Major dailies in Estonia are critical of the 2024 draft budget, criticizing it for lack of transparency and vision, as well as hypocritical communication.
Postimees in its Wednesday editorial refers to the document as a "burning budget."
The paper writes that the government has been sending inconsistent signals, and the whole process appears shabby. What little information has been released has been confusing and conflicting. Interest groups have been left very little time in which to provide feedback, whereas they cannot "take it or leave it" as the latter option is just not on the table.
Postimees recalls a recent comment from former Prime Minister Andrus Ansip (Reform). "Ansip said that his government kept the public in the loop on its choices and the reasons behind them during the 2007-2008 austerity calls. People could discuss these matters at home, they understood what was happening and were supportive."
"But if this is the level of budgetary debate today, it is not a debate we want to live in," Postimees writes, pointing to Ansip's infamous remark in the 2007 financial crisis. "It is unclear why things are done, while talk of tidy finances counts for little as it is too vague," the editorial reads.
Eesti Päevaleht describes the 2024 budget bill as one of bewilderment.
The government's messages on future taxes should be clear, stable and sincere, the editorial reads.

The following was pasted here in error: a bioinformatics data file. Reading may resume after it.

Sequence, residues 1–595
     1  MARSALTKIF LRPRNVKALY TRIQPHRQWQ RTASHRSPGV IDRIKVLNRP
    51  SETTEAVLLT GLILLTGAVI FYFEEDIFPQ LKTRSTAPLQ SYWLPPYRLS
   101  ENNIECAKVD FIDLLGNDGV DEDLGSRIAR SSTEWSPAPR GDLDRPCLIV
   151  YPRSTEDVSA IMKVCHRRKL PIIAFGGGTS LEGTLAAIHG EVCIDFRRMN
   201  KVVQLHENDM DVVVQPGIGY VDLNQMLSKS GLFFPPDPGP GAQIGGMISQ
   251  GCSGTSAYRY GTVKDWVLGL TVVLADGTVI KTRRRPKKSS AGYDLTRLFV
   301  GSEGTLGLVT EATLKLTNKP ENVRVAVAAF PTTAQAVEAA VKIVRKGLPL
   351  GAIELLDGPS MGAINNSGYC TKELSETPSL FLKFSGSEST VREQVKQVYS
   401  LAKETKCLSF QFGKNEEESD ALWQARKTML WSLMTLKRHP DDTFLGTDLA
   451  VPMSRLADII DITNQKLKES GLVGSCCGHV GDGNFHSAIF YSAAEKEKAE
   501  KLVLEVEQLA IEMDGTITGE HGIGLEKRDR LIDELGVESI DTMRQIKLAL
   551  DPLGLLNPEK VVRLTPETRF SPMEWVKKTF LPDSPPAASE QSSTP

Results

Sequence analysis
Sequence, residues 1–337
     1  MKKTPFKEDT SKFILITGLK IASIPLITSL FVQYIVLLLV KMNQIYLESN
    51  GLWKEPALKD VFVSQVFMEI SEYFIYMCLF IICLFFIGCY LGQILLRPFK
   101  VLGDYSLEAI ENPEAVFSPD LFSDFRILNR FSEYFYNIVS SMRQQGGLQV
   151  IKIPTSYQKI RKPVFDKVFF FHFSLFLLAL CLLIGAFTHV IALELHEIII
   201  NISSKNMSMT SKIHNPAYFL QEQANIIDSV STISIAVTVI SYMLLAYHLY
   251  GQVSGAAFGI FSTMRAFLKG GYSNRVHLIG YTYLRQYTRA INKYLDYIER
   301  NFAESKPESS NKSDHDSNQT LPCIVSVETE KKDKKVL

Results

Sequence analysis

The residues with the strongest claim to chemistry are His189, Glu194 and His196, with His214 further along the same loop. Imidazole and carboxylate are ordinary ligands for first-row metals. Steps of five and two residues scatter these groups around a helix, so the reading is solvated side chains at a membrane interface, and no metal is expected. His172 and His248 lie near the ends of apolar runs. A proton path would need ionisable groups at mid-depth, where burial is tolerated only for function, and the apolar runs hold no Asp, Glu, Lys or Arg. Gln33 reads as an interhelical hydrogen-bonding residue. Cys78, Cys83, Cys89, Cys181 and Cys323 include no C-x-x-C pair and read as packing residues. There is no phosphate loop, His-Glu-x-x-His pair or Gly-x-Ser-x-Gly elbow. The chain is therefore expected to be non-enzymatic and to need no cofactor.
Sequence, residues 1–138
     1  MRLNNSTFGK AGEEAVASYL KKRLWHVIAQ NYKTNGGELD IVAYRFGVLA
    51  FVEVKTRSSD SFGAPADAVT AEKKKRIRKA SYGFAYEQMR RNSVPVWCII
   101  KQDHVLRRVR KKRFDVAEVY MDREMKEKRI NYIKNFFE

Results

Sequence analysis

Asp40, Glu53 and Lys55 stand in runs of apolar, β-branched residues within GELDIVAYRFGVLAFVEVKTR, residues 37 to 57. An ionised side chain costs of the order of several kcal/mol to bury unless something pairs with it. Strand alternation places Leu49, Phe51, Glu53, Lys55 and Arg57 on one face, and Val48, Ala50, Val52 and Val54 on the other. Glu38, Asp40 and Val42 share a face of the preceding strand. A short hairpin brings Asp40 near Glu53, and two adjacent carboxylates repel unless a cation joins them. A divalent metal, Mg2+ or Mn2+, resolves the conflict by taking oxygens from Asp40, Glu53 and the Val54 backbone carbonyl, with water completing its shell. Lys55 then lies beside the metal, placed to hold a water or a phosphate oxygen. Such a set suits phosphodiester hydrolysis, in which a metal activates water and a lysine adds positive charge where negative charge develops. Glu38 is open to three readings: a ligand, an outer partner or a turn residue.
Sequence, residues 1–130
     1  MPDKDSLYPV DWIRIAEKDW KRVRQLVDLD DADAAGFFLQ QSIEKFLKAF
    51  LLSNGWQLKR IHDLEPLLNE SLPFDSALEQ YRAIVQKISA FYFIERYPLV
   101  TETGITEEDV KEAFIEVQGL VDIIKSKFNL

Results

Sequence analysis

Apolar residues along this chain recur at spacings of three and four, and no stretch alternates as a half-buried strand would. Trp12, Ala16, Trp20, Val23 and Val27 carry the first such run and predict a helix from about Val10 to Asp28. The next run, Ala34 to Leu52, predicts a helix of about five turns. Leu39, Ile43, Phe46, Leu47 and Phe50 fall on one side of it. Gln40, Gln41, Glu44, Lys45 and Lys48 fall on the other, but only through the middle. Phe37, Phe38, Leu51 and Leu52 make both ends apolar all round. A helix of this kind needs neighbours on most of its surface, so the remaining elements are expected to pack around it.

"You have three years in which to put public finances on a sustainable path. You do not have to trample on good legislative practice, as was done with a recent bill that aims to stop compensating farmers for geese damage. Minister of Climate Kristen Michal sent the bill out for approval on September 21, whereas the ministry expected the feedback by September 22, the daily points out.
"Another example that concerns more people: Minister of Finance Mart Võrklaev said that the government postponed introducing a car tax until 2025 in order to "take more time for public debate," while it turned out just a few days later that the tax also needs to yield almost double the revenue," the EPL editorial reads.
That is why we might dub next year's budget as one of bewilderment, the paper remarks.
"We have been told that the times are so evil that we should only expect unpleasant decisions from here on out. But who is to blame," Õhtuleht asks in its editorial.
"Before the last elections, [Reform's] coalition partners the Social Democratic Party (SDE) and particularly Isamaa were made a plethora of promises that were retracted just a few months later. So what that the circus happened at the expense of more vulnerable citizens, including large families," the paper writes.
"Bemoaning evil times, even though they are of your own making, comes off very hollow," the Õhtuleht editorial reads.
Editor: Marcus Turovski